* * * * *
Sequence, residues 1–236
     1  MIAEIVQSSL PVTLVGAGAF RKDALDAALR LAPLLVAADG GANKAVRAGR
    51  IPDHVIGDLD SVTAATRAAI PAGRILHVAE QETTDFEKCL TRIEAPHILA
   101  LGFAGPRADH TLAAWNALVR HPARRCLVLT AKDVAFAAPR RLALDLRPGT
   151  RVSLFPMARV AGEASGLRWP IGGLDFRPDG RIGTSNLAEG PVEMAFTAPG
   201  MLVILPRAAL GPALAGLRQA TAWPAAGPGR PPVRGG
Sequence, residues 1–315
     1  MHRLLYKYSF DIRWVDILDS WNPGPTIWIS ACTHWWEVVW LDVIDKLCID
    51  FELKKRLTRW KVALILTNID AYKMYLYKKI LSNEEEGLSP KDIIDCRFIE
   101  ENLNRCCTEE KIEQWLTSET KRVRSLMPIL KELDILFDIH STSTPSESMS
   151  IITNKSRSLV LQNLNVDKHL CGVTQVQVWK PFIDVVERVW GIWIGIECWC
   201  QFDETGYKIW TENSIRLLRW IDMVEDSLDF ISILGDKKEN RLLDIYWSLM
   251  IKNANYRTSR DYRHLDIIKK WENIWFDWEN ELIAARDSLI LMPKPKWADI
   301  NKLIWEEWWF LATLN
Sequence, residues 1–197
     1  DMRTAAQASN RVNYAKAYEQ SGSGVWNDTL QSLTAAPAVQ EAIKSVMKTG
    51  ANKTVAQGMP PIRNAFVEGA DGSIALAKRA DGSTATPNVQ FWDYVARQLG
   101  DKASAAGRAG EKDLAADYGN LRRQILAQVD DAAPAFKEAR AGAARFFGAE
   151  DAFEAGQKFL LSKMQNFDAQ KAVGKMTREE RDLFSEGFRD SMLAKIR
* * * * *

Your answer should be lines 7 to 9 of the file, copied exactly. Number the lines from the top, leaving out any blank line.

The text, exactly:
Sequence, residues 1–315
     1  MHRLLYKYSF DIRWVDILDS WNPGPTIWIS ACTHWWEVVW LDVIDKLCID
    51  FELKKRLTRW KVALILTNID AYKMYLYKKI LSNEEEGLSP KDIIDCRFIE